Through reading a number of books on cruising and provisioning as well as talking with other cruisers, I’ve learned a number of tips over the last few months that I thought might be helpful to others getting ready to sail, already sailing or anyone who wants to make their food last longer. I’ll try to post them as they come up, but here are a few…
Did you ever want to buy that huge 5 lb block of cheese at Costco but just not know how to keep it from going bad without stuffing your family of four full with cheese at every meal? First off, if you don’t open it, it’ll last as long as you need it to. But after you open it, wrap it in a cheese cloth (a paper towel works fine too) soaked in vinegar and put it in a plastic container. It also helps if you wipe down the inside of the container with vinegar. My cheeses are lasting at least three times longer now and I don’t have to cut any mold off or give them the sniff test. The vinegar doesn’t seem to affect the taste at all either.
Down here in Mexico, limes are super cheap and they have all kinds of uses. However, we never manage to use all of ours before they turn brown and/or get hard as a rock. Wrap them in tin foil. Yup. Tin foil. I did this on half my limes. The half I did not wrap went bad in a week. The half I wrapped are still in my galley (2 weeks later) bright green and juicy. If you put them in the fridge, they’ll last even longer. I just don’t have room in my itty bitty fridge for that. I’m not sure if this trick works on other citrus fruits as well. Stay tuned because I intend to try it.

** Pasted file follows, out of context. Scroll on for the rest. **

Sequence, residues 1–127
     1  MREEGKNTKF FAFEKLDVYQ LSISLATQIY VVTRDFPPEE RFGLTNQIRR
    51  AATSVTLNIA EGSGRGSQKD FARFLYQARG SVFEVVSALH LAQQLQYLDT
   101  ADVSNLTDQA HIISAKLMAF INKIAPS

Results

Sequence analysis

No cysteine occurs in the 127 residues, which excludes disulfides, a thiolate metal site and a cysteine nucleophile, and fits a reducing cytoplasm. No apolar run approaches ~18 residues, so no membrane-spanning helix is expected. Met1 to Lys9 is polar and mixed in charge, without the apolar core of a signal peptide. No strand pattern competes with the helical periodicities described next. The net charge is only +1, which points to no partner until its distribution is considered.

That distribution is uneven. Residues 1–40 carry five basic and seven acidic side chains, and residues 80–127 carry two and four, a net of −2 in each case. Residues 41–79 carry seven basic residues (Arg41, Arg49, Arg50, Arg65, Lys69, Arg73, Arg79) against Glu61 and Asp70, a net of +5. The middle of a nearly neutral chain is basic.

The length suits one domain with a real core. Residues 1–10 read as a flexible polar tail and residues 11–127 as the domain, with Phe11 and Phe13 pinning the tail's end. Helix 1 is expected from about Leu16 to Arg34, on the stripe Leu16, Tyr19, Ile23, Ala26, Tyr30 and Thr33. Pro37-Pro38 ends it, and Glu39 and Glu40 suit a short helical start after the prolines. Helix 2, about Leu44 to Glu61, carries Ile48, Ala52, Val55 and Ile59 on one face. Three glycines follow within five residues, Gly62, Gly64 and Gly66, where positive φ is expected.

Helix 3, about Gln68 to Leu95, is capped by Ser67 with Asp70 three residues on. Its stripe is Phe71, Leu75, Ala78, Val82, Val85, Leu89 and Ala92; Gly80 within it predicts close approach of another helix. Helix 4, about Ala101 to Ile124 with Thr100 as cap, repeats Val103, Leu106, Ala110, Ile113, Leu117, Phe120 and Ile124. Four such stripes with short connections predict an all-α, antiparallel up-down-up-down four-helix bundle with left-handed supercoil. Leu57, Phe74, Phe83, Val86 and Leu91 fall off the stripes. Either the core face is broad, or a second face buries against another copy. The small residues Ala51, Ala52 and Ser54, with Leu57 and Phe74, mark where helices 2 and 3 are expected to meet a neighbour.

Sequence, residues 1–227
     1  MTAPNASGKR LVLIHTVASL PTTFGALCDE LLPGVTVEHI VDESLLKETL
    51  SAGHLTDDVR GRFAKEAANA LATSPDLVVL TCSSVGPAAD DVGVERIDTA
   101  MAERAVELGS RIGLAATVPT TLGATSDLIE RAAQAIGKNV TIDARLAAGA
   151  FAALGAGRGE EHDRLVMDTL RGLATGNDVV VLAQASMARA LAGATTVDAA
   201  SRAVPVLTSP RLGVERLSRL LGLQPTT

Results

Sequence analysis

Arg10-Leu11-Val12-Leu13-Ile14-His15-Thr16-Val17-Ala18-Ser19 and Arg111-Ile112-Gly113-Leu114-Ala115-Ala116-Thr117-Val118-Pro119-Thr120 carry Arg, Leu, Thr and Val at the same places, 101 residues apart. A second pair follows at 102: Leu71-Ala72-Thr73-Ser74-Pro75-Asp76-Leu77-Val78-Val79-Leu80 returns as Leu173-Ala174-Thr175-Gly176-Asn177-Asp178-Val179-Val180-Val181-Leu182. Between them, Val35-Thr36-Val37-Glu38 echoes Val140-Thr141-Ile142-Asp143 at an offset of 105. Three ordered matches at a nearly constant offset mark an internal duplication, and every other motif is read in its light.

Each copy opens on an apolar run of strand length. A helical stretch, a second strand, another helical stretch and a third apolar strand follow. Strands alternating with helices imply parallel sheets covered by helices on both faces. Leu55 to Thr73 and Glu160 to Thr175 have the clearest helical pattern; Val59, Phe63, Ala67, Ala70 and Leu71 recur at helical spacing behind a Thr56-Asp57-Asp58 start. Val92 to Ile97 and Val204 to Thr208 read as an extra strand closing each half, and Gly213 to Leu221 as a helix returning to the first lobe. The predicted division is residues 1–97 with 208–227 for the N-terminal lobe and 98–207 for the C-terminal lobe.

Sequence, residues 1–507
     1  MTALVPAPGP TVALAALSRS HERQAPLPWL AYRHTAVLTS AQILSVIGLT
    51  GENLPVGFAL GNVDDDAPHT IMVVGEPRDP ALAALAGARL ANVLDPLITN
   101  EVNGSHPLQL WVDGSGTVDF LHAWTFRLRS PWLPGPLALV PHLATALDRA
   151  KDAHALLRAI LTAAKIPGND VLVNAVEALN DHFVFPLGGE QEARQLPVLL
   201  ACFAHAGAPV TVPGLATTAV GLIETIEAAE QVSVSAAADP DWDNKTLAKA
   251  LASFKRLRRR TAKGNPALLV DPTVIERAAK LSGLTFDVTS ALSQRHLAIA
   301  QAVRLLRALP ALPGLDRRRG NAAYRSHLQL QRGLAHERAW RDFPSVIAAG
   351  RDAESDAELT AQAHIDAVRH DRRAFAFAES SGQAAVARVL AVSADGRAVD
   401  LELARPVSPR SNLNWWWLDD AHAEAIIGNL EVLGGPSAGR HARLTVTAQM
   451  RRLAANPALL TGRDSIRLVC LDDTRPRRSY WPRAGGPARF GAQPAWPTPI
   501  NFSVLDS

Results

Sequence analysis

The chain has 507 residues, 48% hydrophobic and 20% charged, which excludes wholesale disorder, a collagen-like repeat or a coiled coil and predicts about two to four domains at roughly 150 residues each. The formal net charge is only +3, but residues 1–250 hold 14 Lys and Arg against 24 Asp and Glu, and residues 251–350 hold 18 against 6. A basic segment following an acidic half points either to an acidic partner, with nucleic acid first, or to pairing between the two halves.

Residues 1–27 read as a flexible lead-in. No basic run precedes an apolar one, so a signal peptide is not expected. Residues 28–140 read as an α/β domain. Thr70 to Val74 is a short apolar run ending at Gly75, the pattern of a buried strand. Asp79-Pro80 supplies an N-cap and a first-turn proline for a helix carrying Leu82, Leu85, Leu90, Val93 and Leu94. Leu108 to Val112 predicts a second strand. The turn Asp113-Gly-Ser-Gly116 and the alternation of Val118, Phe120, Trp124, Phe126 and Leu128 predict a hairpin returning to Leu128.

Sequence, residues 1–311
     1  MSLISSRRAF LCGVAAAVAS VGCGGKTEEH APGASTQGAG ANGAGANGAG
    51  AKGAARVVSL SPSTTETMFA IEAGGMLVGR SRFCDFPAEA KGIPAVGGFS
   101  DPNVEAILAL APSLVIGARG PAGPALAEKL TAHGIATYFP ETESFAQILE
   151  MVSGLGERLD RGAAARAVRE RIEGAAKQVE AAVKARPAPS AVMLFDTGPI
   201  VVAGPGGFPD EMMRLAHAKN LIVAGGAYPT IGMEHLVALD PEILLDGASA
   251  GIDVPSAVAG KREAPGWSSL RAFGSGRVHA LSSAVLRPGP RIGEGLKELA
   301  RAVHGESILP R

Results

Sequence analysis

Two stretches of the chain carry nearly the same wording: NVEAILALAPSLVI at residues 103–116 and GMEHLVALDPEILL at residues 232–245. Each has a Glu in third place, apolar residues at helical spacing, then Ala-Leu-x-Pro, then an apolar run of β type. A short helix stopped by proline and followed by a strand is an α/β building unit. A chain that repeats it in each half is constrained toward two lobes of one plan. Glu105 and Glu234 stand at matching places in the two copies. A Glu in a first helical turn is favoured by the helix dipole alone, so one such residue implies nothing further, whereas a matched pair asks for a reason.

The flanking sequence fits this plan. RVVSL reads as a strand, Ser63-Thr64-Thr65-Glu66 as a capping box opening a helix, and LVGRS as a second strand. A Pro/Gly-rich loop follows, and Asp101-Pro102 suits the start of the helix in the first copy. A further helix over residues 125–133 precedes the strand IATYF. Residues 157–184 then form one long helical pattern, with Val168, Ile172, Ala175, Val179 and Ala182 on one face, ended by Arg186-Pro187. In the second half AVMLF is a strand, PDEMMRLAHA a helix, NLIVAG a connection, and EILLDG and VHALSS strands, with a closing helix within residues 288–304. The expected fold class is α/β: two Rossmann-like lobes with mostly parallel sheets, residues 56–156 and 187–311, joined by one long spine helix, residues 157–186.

This tip may not be so useful for those at home unless you have access to a local farm, but did you know that if you get eggs straight from the chicken, never refrigerated, you don’t have to refrigerate them either (maybe I’m the only one who didn’t know this, but remember I’m from Atlanta and we didn’t raise chickens)? The first time I saw poop on an egg down here I was a little grossed out. Now, I look for the poop and if it has a few feathers on it, even better… I know it’s fresh. If you’re not sure if one is rotten, put it in a glass of water and see if it floats. If it floats, it’s rotten.
The last one probably isn’t new to anyone, but I swear it’s the first time I’ve tried it. Good, fresh garlic is hard to come by down here (old, black, yucky garlic is not hard to come by), so when I find it, I buy it. I put this last batch in a clean jar and covered it with olive oil. Now my garlic not only lasts longer, I have garlic flavored oil for cooking.
I’m trying a recipe now for preserving lemons but the jury is still out… stay tuned.